Nothing Finer than Living in North Caroliner

Nothing Finer than Living in North Caroliner
Blue Ridge Smoky Mountains

Saturday, March 5, 2011

Day 50 - Strawberry Jellyfish

Teaching children to fish
The saying goes...Give a person a fish, you feed him/her for a day, Teach a person to fish and you feed him/her for a lifetime.  I learned this at a very young age.  When I first became a mother, my first born would fall down when he first was starting to walk by himself.  I know that many parents probably thought I was this cruel mother who didn't love her son but it was furthest from the truth.  I would tell him, Get up with no emotion.  And he would get up and try it again without crying because he fell. I was teaching him how to get up if I wasn't there to help him.

I realized that the crying that occurs when they fall is more of a reaction to Mom and Dad's fright in their voice.  The loud scream, cry, followed by Are-you-all-right-poor-babys contributed to the shock of the fall.  This was later confirmed when I officiated one of the little known high school basketball teams unless you have a family member who is deaf or blind.  It is the Florida School of Deaf and Blind in St. Augustine Florida.  It is where the infamous Ray Charles attended.  Not only do the basketball players for the FSD&B school not stop playing when we blow our whistles, they seldom cried when they fell down.  They fouled a lot and they didn't stop playing when they were fouled hard.  And I mean pushed to the ground hard.  I connected the dots and had an epiphany, they never heard their parents "poor-babys" so they were never conditioned to cry when they fall.  As a result, they were stronger for it. We actually would have to protect the opposing teams as the FSD&B kids thought everyone was like they were and consequently didn't realize their strength.

I continued this style of learning throughout my children's lives.  I was the "mean" Mom they would say.  I finally figured out they meant strict.  I wouldn't give them anything freely, I made them earn an allowance.  I would list chores I needed done on the refrigerator and they could pick and choose each chore with the set dollar amount that was non-negotiable.  They learned to look for the highest paying job (which corresponded with the most sweat and longest time to complete) and would fight over those.  Once you have earned your money, there is something about a sense of accomplishment you feel.  Don't get me wrong I love free things but doing the right thing sometimes means learning something new you didn't think you could do.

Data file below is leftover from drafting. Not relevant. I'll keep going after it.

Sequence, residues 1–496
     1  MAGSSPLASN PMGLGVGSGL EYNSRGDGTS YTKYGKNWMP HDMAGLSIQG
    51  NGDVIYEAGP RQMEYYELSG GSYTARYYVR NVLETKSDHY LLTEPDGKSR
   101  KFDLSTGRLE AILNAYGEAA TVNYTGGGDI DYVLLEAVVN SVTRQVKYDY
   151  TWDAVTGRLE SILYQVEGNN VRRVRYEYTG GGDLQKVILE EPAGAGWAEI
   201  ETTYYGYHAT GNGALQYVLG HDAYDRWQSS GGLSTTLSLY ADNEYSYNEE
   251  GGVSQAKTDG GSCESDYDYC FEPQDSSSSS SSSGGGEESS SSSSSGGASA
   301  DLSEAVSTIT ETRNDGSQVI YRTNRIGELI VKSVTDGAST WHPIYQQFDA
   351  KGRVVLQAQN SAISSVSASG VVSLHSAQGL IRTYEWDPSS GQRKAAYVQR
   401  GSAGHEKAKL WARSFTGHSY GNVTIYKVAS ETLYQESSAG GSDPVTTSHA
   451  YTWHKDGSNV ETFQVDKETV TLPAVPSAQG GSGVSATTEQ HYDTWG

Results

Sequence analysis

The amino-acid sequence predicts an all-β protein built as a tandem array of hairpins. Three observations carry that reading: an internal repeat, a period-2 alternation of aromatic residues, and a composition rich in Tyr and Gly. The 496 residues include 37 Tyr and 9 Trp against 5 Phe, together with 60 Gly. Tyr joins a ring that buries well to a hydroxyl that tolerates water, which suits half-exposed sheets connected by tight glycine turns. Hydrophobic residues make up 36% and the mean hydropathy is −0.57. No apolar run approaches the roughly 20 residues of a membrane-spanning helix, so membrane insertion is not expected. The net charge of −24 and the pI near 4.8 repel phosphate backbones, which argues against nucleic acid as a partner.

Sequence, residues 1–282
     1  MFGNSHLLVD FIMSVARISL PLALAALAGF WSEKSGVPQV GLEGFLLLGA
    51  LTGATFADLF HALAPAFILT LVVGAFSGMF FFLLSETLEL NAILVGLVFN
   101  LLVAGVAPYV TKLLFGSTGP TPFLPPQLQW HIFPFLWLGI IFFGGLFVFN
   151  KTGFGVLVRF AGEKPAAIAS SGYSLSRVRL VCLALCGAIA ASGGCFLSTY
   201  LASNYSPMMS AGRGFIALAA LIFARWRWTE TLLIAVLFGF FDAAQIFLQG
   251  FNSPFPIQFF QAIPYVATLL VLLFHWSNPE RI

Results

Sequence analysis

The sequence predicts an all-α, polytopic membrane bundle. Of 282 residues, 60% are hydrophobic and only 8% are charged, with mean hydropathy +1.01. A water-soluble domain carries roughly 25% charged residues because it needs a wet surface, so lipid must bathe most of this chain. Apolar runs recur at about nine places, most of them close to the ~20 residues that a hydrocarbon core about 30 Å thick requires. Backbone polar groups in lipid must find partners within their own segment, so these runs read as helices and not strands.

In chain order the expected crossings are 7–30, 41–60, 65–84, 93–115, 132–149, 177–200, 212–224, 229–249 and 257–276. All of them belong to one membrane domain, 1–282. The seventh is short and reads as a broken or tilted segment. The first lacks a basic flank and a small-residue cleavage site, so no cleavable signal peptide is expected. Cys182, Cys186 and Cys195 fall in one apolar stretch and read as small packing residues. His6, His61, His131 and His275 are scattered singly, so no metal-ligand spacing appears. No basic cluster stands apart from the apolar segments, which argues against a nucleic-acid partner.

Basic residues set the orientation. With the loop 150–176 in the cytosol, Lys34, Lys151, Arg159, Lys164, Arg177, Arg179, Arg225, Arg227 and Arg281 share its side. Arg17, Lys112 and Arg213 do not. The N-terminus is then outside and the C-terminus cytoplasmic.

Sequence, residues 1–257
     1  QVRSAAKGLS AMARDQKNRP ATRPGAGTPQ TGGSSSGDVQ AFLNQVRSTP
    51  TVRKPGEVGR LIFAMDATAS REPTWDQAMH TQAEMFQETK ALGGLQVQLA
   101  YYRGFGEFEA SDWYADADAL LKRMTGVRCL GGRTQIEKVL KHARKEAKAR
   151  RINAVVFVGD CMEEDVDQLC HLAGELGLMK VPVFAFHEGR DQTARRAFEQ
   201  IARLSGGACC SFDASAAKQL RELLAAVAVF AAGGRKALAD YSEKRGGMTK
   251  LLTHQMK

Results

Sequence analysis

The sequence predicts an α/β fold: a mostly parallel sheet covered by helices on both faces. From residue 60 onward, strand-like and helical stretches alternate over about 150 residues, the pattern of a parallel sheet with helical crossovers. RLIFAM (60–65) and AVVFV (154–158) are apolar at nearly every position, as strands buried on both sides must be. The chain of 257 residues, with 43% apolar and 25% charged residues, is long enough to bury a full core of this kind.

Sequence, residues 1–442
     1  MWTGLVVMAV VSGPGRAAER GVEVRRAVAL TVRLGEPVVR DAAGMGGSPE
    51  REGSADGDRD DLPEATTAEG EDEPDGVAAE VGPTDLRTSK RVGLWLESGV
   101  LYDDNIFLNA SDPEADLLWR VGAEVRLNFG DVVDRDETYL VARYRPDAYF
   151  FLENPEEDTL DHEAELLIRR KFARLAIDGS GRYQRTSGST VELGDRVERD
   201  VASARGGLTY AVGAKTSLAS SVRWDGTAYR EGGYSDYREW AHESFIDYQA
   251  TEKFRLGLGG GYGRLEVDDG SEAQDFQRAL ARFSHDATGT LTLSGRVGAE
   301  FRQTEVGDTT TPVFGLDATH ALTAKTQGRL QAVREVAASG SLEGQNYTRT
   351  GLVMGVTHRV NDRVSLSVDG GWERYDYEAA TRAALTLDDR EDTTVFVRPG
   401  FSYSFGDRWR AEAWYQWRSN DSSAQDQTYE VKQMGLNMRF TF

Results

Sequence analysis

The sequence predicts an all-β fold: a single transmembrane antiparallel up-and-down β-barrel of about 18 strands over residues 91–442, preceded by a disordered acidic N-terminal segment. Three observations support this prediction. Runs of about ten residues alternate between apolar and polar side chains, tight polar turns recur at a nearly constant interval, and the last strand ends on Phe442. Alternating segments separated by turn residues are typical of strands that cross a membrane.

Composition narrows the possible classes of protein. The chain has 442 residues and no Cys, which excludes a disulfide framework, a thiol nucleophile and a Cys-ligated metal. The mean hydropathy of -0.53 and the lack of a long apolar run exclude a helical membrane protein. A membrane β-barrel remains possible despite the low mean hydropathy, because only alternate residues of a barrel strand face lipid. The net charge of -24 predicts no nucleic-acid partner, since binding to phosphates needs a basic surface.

When I was in college, I received my first care package from my Aunt Cindy.  This was priceless to me. I didn't even know what a care package was before I got it.  But I guess she figured since I was learning how to "fish" she would feed me while I was learning something new.  To this day we occasionally receive care packages with corn relish, holiday cookies, and jelly from our mothers.  I found out that one of our mothers made strawberry jam too.  I wanted some of the strawberry jam but when I inquired, I was told, "You can make it yourself."  I was mad at first because I didn't understand it was different than the grape jelly. It can't be boxed and sent without arriving in a manner unintended for consumption.  It was suggested that I try it myself.  Don't be ridiculous I thought I don't know how to make strawberry jelly.  I was hurt because the care packages and jelly were filled with love. There's love in the jelly.  Unless I moved closer I was going to have to feel love with the grape jelly only.

Strawberry "Love" Jam
Then the newspaper ran an announcement that for $2, the same price of a jar of Strawberry Jam in the stores, the University Agricultural Center was having a "Strawberry Jammin" class. The class will teach the attendees to make freezer strawberry jam.  So I signed up to go fishing for a lifetime of love jelly!

“The jelly - the jam and the marmalade, 
And the cherry-and quince-"preserves" she made! 
And the sweet-sour pickles of peach and pear, 
With cinnamon in 'em, and all things rare! - 
And the more we ate was the more to spare, 
Out to old Aunt Mary's! Ah!”
 James Whitcomb Riley quotes

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